This type of communication—in which we assume that someone will come round to our point of view if only we provide them with the right information—is known as the ‘deficit model’,  and has been widely discredited. This model says that, having been misinformed by the media, the public harbours irrational fears and make poor decisions. The supposed solution is to re-educate the public, improving their scientific knowledge and providing them with the correct information.
It is easy to see why this approach persisted. In a 1988 a study of Public Attitudes to Science in the UK, over 80% of the public said that they were interested or very interested in science, but only 20% considered themselves to be well-informed.  This certainly indicates a deficit—between the information the public wanted, and the information that they were getting. But, in spite of a sustained campaign by the Committee on Public Understanding of Science disseminating popular science through the mass media, a follow-up study in 1996 indicated very little improvement in scientific literacy.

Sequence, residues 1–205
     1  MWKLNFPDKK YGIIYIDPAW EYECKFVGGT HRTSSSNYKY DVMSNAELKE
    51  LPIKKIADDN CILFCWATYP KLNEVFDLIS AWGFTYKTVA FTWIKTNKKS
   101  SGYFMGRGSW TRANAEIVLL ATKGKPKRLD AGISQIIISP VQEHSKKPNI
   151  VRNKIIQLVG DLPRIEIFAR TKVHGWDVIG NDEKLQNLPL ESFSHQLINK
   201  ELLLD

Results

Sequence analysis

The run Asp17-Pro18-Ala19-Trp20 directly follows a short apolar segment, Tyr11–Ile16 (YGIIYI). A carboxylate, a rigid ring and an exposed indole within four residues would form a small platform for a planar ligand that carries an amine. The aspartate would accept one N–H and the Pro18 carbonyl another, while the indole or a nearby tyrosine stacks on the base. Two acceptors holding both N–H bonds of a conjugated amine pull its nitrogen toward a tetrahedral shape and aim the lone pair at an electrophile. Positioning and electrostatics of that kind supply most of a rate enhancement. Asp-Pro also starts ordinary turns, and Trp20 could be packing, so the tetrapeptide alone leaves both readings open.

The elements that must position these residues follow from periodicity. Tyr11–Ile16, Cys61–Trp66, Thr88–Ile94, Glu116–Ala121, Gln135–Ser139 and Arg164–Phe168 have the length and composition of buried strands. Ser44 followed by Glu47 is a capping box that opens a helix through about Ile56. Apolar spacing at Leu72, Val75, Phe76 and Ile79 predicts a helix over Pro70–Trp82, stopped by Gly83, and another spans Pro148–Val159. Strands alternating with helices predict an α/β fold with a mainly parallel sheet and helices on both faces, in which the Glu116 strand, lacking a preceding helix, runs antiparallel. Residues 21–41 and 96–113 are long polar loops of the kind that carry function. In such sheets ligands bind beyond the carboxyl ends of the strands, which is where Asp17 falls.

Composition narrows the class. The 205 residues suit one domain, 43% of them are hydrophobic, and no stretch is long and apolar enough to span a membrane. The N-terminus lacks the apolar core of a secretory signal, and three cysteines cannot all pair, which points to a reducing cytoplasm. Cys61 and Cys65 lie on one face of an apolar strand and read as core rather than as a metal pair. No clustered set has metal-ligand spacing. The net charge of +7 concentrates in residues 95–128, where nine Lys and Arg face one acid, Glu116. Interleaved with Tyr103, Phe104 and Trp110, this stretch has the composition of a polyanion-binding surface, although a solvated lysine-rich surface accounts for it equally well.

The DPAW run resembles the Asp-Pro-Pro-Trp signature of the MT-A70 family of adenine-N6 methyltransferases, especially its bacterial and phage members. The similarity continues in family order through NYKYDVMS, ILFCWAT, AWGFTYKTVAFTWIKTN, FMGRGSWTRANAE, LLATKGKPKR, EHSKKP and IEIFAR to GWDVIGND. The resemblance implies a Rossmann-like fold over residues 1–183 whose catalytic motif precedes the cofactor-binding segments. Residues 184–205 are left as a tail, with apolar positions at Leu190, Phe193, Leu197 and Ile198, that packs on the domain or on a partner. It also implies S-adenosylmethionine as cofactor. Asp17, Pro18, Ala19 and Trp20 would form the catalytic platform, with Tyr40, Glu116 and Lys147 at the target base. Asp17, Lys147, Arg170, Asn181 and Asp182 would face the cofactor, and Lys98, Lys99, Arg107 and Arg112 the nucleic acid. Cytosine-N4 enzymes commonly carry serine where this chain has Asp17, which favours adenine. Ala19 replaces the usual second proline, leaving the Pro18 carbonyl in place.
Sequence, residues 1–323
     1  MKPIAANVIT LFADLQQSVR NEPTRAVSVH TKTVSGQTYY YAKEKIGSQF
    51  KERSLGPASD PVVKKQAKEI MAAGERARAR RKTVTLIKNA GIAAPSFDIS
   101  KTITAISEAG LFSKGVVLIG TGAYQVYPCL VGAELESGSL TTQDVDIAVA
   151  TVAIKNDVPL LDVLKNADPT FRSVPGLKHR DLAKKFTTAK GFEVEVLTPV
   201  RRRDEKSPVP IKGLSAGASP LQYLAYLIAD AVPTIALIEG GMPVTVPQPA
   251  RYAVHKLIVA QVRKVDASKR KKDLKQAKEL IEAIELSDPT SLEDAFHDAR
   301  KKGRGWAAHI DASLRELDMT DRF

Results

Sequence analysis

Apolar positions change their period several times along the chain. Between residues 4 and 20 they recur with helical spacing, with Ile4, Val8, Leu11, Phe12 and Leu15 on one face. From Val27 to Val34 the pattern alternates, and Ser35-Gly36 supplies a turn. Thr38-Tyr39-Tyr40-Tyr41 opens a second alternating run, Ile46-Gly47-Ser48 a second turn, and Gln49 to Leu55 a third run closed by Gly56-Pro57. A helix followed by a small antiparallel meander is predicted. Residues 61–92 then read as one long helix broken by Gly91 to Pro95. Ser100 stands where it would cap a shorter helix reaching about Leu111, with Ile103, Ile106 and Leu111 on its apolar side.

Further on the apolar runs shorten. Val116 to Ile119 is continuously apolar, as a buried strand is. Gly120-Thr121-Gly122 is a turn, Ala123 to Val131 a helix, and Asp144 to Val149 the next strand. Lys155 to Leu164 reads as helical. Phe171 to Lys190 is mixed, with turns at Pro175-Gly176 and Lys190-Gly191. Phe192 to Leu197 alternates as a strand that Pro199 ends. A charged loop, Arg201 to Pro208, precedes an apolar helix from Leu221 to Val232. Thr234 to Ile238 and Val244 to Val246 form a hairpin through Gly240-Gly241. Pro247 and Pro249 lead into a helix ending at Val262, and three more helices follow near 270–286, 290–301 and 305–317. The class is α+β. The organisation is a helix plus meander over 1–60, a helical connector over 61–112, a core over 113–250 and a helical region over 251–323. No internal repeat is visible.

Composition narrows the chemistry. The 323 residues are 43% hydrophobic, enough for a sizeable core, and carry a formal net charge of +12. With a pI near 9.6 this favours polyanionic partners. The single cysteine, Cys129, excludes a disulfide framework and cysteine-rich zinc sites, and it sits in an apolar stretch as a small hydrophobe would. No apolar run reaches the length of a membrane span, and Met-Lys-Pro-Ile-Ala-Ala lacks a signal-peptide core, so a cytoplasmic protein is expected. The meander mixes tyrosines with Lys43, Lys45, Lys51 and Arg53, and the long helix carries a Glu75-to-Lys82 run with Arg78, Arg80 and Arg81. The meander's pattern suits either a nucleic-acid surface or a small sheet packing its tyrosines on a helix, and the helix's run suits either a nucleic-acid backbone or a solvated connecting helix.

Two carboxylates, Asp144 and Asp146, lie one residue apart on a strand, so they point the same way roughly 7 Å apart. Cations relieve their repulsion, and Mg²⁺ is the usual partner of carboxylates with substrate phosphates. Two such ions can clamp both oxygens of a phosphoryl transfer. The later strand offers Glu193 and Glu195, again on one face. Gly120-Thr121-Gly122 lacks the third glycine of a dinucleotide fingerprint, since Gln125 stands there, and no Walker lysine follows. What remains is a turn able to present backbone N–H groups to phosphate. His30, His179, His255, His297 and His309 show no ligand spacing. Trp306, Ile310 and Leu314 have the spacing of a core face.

There will always be a gap in knowledge between scientific researchers at the top of their field and the lay public, as there is in every field. It would be strange if there wasn’t. But improving scientific literacy can’t be the only aim of science communication. Our efforts need to be less of a one-way lecture and more of a conversation. To communicate effectively we need to know our audience, their motivations, and their existing level of knowledge. We have to ask questions, find out where they are coming from and what they are worried about, and work out what they want to get out of the conversation. One-way ‘engagement’ is not engagement at all.
How to get the public to feel something about chemistry